Just a rough drawing of three circles or a photo of red shorts with white buttons will have your kids screaming, “Mickey Mouse!” This timeless character from Disney is perhaps one of the most recognized figures in the world. But did you know that Mickey Mouse didn’t always start off as the friendly critter kids know him as today? Read on for the full story and history of the Mouse.
It all started way, way back in 1928 when Walt Disney and Ub Iwerks, who worked at Universal Studios the time, created Oswald the Rabbit. Unfortunately, Universal refused to give Disney a budget increase, so he parted ways and created Disney Studios. The Disney team went through many animals before Disney fell in love with the mouse. Earlier publications of both show stark similarities in the character designs like the black body, oval eyes and white pants.
Fun fact: Mickey Mouse’s original name was Mortimer Mouse until Disney’s wife convinced him to change it.
Contrary to popular opinion, Mickey Mouse actually made his first debut in a short called “Plane Crazy.” Unfortunately, it didn’t do very well and neither did the second short after. But when “Steamboat Willie” came along in 1928, the audiences went crazy. One of the factors was because it was the first of many shorts to feature synchronized sound. After this, Walt Disney revisited his previous shorts, added sound and rereleased them to much greater success.
Fun fact: In traditional animation, Mickey’s ears would always be circular, no matter what direction he faced. This lead to the unofficial trademark sign of three circles (where two are ears) that’s often identified as Hidden Mickeys.
Mickey Mouse soon began to appear in comics in 1930s. While it was a short-lived year for Mickey’s life on paper, these comic story lines catapulted his fame across the world. He became famous in Italy, Greece, France and even Egypt.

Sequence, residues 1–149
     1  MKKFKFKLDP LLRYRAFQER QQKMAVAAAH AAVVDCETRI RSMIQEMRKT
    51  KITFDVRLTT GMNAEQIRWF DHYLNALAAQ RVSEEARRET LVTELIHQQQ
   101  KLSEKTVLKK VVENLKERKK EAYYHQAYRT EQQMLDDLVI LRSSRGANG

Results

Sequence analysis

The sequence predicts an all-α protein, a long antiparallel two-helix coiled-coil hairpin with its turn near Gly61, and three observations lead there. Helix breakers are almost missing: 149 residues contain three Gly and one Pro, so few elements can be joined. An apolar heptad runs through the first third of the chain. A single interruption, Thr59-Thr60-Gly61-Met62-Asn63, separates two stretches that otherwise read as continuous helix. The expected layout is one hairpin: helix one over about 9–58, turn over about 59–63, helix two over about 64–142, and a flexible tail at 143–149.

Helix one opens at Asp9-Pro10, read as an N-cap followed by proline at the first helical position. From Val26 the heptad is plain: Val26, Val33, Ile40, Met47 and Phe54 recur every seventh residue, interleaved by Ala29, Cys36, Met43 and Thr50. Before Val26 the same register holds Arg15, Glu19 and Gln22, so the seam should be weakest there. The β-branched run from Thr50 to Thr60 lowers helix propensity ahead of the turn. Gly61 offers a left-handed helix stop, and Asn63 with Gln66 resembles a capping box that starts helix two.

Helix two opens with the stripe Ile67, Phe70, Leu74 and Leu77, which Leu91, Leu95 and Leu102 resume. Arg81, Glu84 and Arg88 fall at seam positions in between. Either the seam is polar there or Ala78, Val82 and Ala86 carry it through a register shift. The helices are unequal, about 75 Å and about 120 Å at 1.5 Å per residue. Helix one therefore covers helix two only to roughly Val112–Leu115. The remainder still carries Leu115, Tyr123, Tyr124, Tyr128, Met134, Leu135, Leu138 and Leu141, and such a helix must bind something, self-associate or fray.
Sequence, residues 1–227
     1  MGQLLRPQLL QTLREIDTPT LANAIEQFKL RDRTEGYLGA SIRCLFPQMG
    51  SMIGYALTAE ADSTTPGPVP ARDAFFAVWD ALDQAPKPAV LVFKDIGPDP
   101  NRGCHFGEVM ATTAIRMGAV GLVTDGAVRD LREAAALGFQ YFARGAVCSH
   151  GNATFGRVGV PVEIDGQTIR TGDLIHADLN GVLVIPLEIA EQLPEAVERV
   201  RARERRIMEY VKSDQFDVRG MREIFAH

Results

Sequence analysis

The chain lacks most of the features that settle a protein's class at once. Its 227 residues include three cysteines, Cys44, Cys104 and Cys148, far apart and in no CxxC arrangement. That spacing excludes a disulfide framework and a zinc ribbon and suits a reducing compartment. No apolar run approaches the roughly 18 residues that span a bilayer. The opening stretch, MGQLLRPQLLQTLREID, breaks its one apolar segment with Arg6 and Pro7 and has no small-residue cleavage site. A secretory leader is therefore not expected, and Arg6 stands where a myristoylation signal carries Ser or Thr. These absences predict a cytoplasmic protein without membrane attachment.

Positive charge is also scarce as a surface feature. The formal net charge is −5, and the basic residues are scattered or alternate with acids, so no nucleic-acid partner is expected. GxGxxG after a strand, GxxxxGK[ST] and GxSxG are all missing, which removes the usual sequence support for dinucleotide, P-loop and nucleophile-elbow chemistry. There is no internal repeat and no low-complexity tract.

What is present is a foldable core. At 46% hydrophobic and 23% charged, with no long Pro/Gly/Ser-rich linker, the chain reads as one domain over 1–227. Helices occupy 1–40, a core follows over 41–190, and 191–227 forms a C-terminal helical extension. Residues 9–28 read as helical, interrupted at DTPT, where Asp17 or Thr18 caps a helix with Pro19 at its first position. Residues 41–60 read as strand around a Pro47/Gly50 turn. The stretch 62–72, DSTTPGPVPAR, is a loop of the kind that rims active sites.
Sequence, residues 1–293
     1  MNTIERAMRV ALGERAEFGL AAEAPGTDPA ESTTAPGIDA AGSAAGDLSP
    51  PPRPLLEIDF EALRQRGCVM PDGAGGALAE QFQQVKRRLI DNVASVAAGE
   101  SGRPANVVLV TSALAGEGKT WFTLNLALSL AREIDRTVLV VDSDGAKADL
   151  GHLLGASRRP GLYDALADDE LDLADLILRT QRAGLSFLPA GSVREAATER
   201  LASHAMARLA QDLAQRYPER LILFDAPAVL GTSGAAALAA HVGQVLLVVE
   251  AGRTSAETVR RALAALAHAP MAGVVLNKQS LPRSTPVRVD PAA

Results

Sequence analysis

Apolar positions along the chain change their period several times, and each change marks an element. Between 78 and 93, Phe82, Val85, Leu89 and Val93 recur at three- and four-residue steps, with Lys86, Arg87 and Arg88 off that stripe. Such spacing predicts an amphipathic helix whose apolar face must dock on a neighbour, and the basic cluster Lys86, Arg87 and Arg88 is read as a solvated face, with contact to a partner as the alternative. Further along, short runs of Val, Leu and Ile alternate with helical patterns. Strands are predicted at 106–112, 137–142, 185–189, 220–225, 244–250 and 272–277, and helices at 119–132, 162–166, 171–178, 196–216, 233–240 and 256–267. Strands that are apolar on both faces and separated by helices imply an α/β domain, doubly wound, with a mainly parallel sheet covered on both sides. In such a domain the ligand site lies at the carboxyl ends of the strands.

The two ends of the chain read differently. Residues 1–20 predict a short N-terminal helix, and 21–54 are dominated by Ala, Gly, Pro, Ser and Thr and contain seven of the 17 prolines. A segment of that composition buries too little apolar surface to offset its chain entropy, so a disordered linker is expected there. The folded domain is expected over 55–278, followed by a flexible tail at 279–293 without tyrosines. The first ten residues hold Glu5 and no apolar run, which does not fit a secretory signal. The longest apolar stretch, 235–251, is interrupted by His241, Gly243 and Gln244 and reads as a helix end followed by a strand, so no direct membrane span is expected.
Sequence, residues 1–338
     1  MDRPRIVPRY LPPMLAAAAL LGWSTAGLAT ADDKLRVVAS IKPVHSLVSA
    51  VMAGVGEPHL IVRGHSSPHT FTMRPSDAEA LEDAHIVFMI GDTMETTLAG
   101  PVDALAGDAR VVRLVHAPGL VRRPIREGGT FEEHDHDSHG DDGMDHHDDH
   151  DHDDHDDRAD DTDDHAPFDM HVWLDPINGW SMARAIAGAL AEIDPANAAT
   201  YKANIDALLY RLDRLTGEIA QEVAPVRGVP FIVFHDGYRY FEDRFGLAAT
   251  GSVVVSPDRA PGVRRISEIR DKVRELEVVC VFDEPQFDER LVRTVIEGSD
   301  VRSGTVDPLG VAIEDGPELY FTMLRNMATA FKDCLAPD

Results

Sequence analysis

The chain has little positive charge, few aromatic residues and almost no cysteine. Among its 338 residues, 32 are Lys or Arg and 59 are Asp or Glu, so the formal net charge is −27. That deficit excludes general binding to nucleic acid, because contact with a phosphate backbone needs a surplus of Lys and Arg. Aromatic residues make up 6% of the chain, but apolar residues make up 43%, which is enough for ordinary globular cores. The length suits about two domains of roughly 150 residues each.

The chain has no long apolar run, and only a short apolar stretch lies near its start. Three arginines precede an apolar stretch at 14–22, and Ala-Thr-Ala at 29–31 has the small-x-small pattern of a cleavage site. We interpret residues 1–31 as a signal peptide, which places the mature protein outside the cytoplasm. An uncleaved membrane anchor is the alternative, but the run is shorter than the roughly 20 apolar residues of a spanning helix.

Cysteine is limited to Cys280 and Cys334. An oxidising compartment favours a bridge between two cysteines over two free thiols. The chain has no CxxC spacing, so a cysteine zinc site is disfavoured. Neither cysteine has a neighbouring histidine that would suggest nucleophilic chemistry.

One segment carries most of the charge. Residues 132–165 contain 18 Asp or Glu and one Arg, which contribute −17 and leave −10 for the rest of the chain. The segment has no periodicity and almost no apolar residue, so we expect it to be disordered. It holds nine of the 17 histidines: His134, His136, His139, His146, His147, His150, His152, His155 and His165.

Fun fact: Mickey Mouse’s personality has also gone through many changes. Originally he was cast as a mischievous anti-hero, then an everyday man and recently in 2009, a more adventurous Mickey.
As Mickey’s popularity grew, so did his appearance and family. A bit like real life really. Mickey met Minnie, his body became more round and slowly became a role model for children. By 1934, Disney introduced Donald Duck to the family, a character gave much reason behind Mickey’s shy, falsetto voice.
Fun fact: Mickey’s classic gloves are actually as much logistical and stylistic. Since animation was black and white, his gloves made it easier to distinguish his hands from his body.
From 1935-1940s, when color began to be used in film, Mickey began to have the most significant changes that put him on track as the Mouse we recognize now. Artist Fred Moore gave Mickey white eyes with pupils, a Caucasian skin colored face, and a pear-shaped body. He then starred in the movie Fantasia, which solidified his currently look to the mass audiences.
Fun fact: In the redesign, Mickey Mouse lost his tail.
photo: Loren Javier via flickr
The Mickey Mouse we know now is much more huggable than his first editions, especially in his 3D form. His friendly smile, expressive eyes and iconic gloves have been in place since he appeared in the animated television series, particularly in The Mickey Mouse Club. However in 2013, Disney began airing a series of Mickey Mouse shorts that throwback to Mickey’s Steamboat Willie days. A white face, thinner frame and a more mischievous glint to his eyes.
Fun fact: When it came to fame, Popeye and Bugs Bunny were Mickey’s competitors throughout the years.
Which version of Mickey is your favorite? Tell us in the Comments below!
— Christal Yuen